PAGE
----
Europe is struggling to come to terms with its Muslim minority. What are the consequences of the intolerance and the violence for the continent and for literature? Paul Berman and a lauded panel chime in.
The violent reaction four years ago to the publication in Denmark of a series of satirical cartoons depicting the prophet Mohammed suggests that the cultural divisions highlighted two decades ago by The Satanic Verses controversy have intensified rather than dissipated. Europe is currently facing what some call its biggest challenge: trying to come to terms with its Muslim minority. Across the continent, debates over the veil, the burka, and more recently the Swiss referendum banning the building of minarets, have prompted passionate, often violent responses. What are the consequences of this, for Europe and for literature, in a society that appears to be segregating along sectarian and racial lines and where intolerance is increasing on both sides of the divide? Listen as Jamal Mahjoub, Paul Berman, Alina Bronsky, Peter Stamm, Janne Teller, and Sadanand Dhume discuss and debate the issue.
3:30—4:15: Joel Whitney quoting Salman Rushdie speaking during the fatwah: “Carlos Fuentes has called the novel a privileged arena. By this he does not mean it’s the kind of holy space which one must put off one’s shoes to enter. It is not an arena to revere. It claims no special rights, except to be the stage upon which the great debates of society can be conducted. ‘The novel,’ Fuentes writes, ‘is borne of the very fact that we do not understand one another, because unitary, orthodox language has broken down. Quixote and Sancho, the Shandy brothers, Mr. and Mrs. Karenin, their novels are the comedy or the drama of their misunderstandings. Impose a unitary language—you kill the novel, but you also kill the society.’”
9:15: Janne Teller on the task of a writer exploring new ground. She claims that, “As writers, we often don’t know why we take on certain directions that later seem totally natural. I think that’s because it’s our job to pick up and gather all the energies around us.”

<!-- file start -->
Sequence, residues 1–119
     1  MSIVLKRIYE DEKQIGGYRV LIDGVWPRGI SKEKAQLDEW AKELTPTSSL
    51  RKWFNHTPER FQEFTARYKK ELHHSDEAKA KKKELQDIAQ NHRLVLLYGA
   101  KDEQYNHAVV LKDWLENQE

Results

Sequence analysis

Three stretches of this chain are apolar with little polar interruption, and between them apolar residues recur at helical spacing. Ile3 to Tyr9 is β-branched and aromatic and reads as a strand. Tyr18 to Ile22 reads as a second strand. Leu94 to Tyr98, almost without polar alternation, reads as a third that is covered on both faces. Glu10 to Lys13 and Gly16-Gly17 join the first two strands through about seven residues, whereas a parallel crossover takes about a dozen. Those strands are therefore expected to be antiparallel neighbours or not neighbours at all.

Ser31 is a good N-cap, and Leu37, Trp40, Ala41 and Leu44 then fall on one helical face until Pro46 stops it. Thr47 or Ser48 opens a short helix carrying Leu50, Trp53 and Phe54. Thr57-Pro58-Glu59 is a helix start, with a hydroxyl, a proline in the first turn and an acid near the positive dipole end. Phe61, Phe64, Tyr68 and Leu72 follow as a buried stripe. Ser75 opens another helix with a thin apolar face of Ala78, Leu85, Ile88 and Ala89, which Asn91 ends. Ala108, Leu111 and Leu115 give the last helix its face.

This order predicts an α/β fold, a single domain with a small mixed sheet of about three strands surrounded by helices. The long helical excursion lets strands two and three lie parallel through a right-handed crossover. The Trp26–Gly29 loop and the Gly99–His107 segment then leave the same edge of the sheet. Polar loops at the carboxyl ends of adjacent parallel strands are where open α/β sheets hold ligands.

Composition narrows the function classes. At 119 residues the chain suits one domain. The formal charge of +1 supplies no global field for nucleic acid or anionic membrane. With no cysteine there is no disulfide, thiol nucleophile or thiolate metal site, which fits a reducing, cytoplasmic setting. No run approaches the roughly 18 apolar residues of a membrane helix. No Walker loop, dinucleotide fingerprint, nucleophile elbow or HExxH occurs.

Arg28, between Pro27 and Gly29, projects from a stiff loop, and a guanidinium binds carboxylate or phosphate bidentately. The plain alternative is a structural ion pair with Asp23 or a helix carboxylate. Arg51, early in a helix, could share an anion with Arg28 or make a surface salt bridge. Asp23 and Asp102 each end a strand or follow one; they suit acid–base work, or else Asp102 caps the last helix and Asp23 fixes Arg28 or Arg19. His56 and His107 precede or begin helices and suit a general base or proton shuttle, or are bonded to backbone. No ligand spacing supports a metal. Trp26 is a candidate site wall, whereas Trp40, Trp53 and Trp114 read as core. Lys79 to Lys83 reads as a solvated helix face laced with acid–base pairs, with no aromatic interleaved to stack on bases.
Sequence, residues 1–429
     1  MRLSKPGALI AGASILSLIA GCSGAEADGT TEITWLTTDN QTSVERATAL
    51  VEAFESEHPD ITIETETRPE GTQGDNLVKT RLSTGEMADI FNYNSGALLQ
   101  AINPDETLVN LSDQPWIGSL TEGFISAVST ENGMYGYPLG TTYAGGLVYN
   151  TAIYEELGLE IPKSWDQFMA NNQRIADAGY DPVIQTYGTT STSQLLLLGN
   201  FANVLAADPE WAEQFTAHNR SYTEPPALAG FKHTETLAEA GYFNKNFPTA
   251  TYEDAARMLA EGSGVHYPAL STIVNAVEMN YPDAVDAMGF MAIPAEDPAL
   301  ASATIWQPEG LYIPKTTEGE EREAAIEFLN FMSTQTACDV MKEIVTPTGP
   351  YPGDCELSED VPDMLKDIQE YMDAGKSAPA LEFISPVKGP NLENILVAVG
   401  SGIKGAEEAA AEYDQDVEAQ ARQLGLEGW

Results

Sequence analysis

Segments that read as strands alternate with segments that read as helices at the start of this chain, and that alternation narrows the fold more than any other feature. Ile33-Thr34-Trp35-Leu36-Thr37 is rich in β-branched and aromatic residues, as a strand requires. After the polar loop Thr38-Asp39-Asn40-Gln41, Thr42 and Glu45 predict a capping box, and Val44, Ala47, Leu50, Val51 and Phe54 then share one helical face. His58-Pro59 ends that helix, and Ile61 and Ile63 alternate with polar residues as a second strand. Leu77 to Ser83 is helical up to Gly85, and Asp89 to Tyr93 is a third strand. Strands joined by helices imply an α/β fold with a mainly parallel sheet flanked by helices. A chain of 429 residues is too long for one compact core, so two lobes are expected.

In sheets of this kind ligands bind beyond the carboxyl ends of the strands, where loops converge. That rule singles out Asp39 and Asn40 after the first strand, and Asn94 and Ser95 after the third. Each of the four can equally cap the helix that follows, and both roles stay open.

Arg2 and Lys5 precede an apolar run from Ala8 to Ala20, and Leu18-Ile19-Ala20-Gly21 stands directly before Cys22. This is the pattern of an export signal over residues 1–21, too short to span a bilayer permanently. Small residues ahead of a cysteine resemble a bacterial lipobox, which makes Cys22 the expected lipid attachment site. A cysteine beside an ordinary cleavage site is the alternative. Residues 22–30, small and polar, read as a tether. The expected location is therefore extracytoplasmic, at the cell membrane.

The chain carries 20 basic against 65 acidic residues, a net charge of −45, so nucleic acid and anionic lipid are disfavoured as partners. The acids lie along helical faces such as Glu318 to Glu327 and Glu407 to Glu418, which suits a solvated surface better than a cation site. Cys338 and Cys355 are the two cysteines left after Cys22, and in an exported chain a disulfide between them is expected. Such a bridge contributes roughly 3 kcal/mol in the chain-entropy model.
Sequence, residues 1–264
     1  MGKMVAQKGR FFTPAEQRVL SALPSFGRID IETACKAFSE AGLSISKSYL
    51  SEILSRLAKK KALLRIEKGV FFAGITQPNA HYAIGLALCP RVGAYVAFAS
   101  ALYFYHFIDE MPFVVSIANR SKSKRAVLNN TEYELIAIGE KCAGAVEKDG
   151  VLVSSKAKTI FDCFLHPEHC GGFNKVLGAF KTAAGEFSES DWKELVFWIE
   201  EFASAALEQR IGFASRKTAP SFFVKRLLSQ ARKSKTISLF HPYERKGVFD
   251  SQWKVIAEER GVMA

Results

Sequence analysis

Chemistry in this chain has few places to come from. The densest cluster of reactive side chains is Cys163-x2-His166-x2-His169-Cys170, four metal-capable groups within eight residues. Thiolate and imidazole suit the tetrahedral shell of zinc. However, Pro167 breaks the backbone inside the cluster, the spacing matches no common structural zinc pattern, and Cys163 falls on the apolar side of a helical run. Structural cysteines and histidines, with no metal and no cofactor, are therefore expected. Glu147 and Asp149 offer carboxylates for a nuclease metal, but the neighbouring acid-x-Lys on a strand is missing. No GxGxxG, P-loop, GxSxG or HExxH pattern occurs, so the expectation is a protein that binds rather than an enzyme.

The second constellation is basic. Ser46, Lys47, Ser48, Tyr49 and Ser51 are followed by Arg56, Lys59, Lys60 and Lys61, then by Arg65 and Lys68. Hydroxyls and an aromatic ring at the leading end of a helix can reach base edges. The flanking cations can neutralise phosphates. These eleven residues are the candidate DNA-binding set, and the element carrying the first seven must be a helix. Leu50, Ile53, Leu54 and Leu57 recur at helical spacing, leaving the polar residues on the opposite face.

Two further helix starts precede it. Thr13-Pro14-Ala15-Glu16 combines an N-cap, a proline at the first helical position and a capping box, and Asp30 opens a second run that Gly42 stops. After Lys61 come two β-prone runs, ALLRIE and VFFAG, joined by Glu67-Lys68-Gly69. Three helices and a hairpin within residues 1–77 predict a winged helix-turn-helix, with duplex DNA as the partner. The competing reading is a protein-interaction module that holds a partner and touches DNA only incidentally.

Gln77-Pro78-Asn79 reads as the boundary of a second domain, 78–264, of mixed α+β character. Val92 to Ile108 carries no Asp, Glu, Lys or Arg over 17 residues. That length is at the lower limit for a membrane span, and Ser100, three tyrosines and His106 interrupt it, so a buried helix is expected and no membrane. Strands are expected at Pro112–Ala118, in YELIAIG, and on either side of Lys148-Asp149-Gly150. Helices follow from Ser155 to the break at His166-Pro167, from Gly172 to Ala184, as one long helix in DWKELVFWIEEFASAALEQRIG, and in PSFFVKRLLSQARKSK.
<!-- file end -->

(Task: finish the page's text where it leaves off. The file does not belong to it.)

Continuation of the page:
19:30: Peter Stamm believes that, in Switzerland, the Muslim population becomes entirely Swiss in as quickly as one generation because they believe that, “In fifty years, things will have changed and we’ll have our minarets.”
28:45: Sadanand Dhume explains how radical Islam has recently become a concern in Indonesia. “It took the Bali bombings to concentrate people’s minds and raise questions about the future of Indonesia… As Paul has written, it make sense to think of these movements in terms of the ideas behind them, and to think of them as global.”
50:00: Moderator Jamal Mahjoub to Paul Berman: “By implication, you seem to be saying that Tariq Ramadan has this concealed agenda, which is pretty far to the right. And yet he isn’t politically engaged. He’s not running a party, he’s not looking for votes. What is Tariq Ramadan after?”
50:30: Paul Berman responds: “I don’t think he has a concealed agenda. He writes everything in the books… I myself scratch my head over what he’s trying to do. He remains something of a cipher or mystery to me. On the one hand he argues that he’s creating a new reformed Islam that can take its place properly in a liberal society. On the other hand, if you read the footnotes, you see that he’s also trying to promote the Islam of a certain sort that you find in the Muslim world that’s represented by people like Sheik Yusuf al-Qaradawi. On the one hand, Tariq Ramadan is calling for a peaceful and liberal and admirable adaptation of the old ideas. And on the other hand, he promotes the worst sort of violent sheiks.”